All members of the class were allocated names from the outset, and the plates were fitted by Brush before the locomotives were delivered. Those expected to go to the Construction sub-sector were to be named after British mountains but, as the first of its class, 60001 was an exception in being named Steadfast. After EWS took over, names were removed from many of these locomotives and 60001 was so treated in September 1996.

The standard Trainload Freight ‘triple grey’ livery was applied to 60001 when built, together with the correct Construction sub-sector decals, formed of blue and yellow squares. As a point of interest, it can be seen from old records that some of the class were allocated to duties differing from those envisaged at the time of ordering and, as a result, carried the ‘wrong’ names and sub-sector markings. Subsequently, these decals were replaced with Mainline Freight logos, this change being reported in the June 1996 RO. 60001 was then one of the earlier recipients of the now standard EWS red and yellow livery, in its revised form with the letters EWS on the yellow band and the EWS logo on the right-hand cab side. The change was reported in the April 1997 RO.


60001 remained allocated to Thornaby (TE) until May 2004 when Immingham (IM) took over maintenance responsibility for the whole class.

60001 failed with a ‘burst’ engine on the evening of 24th February 2006 while working a loaded MGR on the Liverpool Gladstone Dock to Fiddlers Ferry coal circuit. It was hauled dead in tow to Warrington and subsequently moved to Toton where it was stored on 2nd March in pool WNTS – EWS tactical stored, depot code WQ. Damage to the engine is thought to be ‘terminal’ so 60001 is unlikely to work again unless a replacement engine becomes available.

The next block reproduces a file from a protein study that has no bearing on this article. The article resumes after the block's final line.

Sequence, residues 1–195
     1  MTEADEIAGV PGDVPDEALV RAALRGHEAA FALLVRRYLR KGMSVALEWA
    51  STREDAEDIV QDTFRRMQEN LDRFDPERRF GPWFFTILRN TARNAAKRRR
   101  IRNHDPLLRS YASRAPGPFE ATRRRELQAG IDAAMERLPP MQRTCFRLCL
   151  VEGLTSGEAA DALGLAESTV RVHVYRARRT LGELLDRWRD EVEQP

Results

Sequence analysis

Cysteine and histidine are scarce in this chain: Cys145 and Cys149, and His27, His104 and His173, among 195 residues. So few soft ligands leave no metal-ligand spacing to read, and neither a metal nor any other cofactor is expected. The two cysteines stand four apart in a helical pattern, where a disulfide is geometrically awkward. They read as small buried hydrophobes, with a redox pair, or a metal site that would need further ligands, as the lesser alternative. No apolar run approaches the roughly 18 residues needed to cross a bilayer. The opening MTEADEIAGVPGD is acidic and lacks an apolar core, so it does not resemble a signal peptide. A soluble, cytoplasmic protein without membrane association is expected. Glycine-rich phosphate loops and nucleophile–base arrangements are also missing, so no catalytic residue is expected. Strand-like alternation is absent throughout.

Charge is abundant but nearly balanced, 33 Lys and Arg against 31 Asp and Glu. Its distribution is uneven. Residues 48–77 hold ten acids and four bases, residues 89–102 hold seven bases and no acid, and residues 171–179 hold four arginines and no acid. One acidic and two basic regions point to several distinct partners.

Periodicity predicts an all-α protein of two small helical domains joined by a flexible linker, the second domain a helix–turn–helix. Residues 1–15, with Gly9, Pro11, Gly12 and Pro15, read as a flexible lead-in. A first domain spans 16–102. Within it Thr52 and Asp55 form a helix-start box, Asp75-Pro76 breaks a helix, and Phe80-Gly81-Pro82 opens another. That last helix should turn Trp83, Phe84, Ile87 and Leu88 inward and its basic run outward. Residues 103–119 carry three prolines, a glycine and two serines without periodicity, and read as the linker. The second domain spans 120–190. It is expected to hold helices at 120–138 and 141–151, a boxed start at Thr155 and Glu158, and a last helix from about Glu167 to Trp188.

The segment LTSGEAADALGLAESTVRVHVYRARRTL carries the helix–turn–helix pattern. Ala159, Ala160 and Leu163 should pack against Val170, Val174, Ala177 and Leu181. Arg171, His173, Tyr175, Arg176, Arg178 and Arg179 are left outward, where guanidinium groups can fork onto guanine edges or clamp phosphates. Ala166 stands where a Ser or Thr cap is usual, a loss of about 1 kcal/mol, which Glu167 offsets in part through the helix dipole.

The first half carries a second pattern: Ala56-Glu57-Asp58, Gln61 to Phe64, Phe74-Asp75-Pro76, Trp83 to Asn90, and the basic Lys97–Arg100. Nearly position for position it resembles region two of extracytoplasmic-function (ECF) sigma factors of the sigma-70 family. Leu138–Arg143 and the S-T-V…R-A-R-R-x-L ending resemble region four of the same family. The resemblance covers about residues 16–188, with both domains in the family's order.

In May 2007 most stored locomotives with depot code WQ were reallocated to depot code TO; 60001 remained in pool WNTS. After being stored in Toton depot sidings for almost two years, 60001 was moved into the Compound on 26th February 2008 and has since been joined there by other stored class 60s.

On 3rd September 2010 DB Schenker, formerly EWS, put 103 stored locomotives up for sale by tender. These included 60001 and 19 other members of the class, the first time that class 60s had been offered for sale. On 23rd September these 20 class 60s were all reallocated to pool WNXX – DBS stored unserviceable (the company was no longer using the more appropriate pool WNZX – locomotives for disposal). They were later withdrawn from sale; it is assumed that any offers didn’t meet the reserve price.

A large collection of photographs taken during this period is available to view in the Galleries section of this page.

After 2013

Things became more promising on 7th August 2012 when it was reported that 60001 had been added to the class 60 overhaul programme and reallocated to pool WNWX – DBS mainline locomotives stored for heavy repair, initially with an expected OK date at the end of March 2013. Then on 15th October it was moved from Toton Compound into the main depot area.  60001 was added to the class 60 re-engineering programme in 2013.  Unlike other locomotives in this programme, which had their nameplates removed, 60001’s nameplates remained fitted until late February 2013 when it was taken inside the depot.

It was repainted at Toton in DB Schenker red livery, emerging from the paint shop in mid-August and starting loaded main line tests at the end of that month before returning to service in early September, about seven and a half years after what had appeared to be a catastrophic engine failure.  The Schenker part of the logo was removed in 2019, after the company had rebranded itself as DB Cargo in Britain, with the small DB logo being retained.

60001 Logs

Following the naming of 60001 at Toton on 23rd February 2001, Bob Wallen, Dave Hinde and Andrew Lait attempted to maintain as complete as possible a record of the workings of the locomotive. Acknowledgements are due to those RCTS members, and many others, who have contributed the information that has enabled the following to be put together on behalf of the Society; also to Freightmaster and its editor Mark, without which many train descriptions would not be possible, and to 60gen, other e-mail groups and the Class 60 Data Site.

The logs are downloadable as .pdf files listing each year’s known workings.